Meanwhile, as I was browsing through some other reactions to the original story, I wound up getting quite an education about nsima and its importance in the cultures of several African nations. It is essentially a kind of paste made from corn meal and water, which is then served with side dishes composed of various meats and vegetables. A very comprehensive article on the history, significance, ingredients, and preparation of nsima (or nshima in Zambia) can be found here at Bridgewater.edu. When I have the time, I might try to make some of this stuff and find out whether or not it is really a “pointless” food.


5 Responses to “The Malawi Nsima Saga: How Not To Be Diplomatic”

  1. comment number 1 by: Clement Nyirenda

    So you were in Malawi subsisting on nsima at some point. Well, I am a Malawian and I like Nsima very much. Now that I have here in Japan, where I eat rice and spaghetti everyday, for two months, I miss Nsima so much.

  2. comment number 2 by: Kate

    I lived in Malawi for awhile, it was one of the most hospitable places I have ever been in my life. I loved nsima and all of the side dishes that went with it. It spurred a passion in me for simple, fresh cooking. I appreciated all of the kind people who cooked for me and allowed me to visit with them, even though they had so little. It is apalling that someone would insult a gift given to them by people who only wanted to share a bit of their home and culture. Even if nsima is not to your taste, at least appreciate the sacrifice that your hosts are making before insulting them.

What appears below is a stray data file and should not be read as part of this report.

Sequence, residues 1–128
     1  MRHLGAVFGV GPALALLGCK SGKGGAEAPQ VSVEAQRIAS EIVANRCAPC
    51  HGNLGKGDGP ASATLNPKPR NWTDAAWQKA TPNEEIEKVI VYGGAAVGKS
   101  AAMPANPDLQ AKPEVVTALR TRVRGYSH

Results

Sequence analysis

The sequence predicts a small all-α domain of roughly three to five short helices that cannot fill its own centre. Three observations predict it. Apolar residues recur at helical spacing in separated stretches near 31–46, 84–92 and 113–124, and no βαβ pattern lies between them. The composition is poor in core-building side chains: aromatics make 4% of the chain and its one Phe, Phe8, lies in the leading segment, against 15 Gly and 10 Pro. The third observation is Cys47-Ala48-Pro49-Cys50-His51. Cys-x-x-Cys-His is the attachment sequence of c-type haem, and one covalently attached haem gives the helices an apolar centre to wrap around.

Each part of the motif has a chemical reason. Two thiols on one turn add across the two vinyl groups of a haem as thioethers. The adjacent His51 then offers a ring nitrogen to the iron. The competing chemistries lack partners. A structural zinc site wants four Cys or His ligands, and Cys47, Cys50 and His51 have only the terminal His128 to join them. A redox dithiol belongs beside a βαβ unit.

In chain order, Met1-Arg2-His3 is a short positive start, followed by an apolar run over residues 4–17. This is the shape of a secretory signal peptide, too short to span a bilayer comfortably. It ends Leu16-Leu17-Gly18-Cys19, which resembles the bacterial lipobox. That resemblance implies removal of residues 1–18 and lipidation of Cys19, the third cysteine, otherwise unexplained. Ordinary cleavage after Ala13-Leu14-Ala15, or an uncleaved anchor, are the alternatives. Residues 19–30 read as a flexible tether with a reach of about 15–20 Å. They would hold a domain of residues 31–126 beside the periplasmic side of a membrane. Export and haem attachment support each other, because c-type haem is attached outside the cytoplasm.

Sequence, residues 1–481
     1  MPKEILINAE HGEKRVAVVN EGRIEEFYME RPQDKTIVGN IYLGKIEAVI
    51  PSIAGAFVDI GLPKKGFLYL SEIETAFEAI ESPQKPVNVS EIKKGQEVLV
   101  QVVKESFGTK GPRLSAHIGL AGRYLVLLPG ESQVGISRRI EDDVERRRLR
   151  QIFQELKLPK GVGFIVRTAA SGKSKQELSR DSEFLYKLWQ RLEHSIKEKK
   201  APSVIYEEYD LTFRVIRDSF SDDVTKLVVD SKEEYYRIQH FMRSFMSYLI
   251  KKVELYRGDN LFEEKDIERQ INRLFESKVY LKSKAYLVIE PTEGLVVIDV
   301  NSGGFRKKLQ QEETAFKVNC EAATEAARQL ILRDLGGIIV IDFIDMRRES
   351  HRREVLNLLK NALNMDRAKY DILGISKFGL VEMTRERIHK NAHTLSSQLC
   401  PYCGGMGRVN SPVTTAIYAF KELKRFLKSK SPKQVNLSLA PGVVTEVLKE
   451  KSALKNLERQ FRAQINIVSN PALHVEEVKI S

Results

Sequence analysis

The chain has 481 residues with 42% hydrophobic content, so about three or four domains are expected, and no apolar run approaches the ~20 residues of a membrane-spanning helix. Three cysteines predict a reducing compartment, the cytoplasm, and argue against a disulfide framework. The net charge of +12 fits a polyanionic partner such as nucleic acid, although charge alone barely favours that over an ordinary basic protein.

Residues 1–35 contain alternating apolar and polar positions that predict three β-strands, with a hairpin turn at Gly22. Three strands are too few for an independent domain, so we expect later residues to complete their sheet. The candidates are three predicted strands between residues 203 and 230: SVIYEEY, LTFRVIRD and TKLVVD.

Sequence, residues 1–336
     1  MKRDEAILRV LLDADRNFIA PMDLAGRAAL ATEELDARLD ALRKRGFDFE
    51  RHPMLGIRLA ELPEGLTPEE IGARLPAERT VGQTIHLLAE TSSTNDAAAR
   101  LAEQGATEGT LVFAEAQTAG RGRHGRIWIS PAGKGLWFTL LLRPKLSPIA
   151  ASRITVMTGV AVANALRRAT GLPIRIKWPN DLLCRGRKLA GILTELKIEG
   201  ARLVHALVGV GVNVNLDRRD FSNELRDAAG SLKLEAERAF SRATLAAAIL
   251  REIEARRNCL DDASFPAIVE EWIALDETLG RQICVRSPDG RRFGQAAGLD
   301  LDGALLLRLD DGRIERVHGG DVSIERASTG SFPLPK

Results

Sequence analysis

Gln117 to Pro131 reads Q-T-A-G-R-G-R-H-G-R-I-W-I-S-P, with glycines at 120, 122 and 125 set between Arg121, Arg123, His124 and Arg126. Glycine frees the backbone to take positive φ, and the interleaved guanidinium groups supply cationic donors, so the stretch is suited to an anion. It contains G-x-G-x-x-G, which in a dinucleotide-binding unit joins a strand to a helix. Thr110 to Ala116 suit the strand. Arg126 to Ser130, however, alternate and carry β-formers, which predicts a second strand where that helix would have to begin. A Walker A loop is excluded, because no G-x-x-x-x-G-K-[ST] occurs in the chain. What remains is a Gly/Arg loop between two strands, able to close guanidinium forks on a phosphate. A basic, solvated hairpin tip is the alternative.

3. comment number 3 by: FyourholeEnglish

    You disgust humanity, You have no good white woman, I would crush her head my self with Mwala, and this bitch defending Europeans if I see her I will kill her entire family, I would say that white people your most uncultured people on earth, you have no respect or whatsoever, I hope this woman never dares to step in Malawi again because I have her picture, I will definitely skin her off alive and let dogs suck her white acid blood, Fucking cunt of English mentality,

    This is shit, She hardly know what she says, shows how stupid some Malawians are;

    (Am a Malawian who totally agree that Nsima is one of the most tasteless and least nutritious food in the world. Preference for Nsima has contributed enormously to malnutrition of children in this country. For those of you who think its traditional, know that maize is a fairy recent crop in Malawi brought in by the Portuguese. The modern way of making & farming nsima is partly a contribution of colonialism. Instead of venting your frustrations on this brave young lady who is brave enough to come here and live among us I suggest you engross yourself in finding ways on how to make Nsima more tasty and nutritious and how to encourage sustainable diet diversification among ordinary Malawians)

    Now Bitches!

    This dish is eaten widely across Africa where it has different local names:

    Nshima - Zambia
    Nsima - Malawi
    Sadza - Zimbabwe
    Chima - Mozambique
    Ugali - Kenya, Malawi & Mozambique (Yao language), Tanzania (also called ngima in Kenya, and nguna in Tanzania)
    Poshto - Uganda
    Ubugali - Rwanda
    Bugali - DR Congo
    Meliepap/Pap - South Africa
    Fufu - West Africa
    Sakoro - Northern Ghana
    Sakora - Northern Nigeria
    Couscous de Cameroon - Cameroon

    We dont care what UK bitch teacher said, they can go stuck their classy food in their assholes!

  4. comment number 4 by: A Nigerian

    Nni oka - South-East Nigeria.

  5. comment number 5 by: A Nigerian

    It is a staple food in the Southeastern part of Nigeria

    It is eaten for mostly for lunch, and occasionally for dinner… and WE DO NOT PLAY WITH IT - in fact, here in London, I eat it every other afternoon with our native soups. IT BEATS FOODS LIKE FISH AND CHIPS,STEAK & KIDNEY PIE, PIZZA, YORKSHIRE PUDDING, AND THE LIKE ===foods West Africans consider as snacks…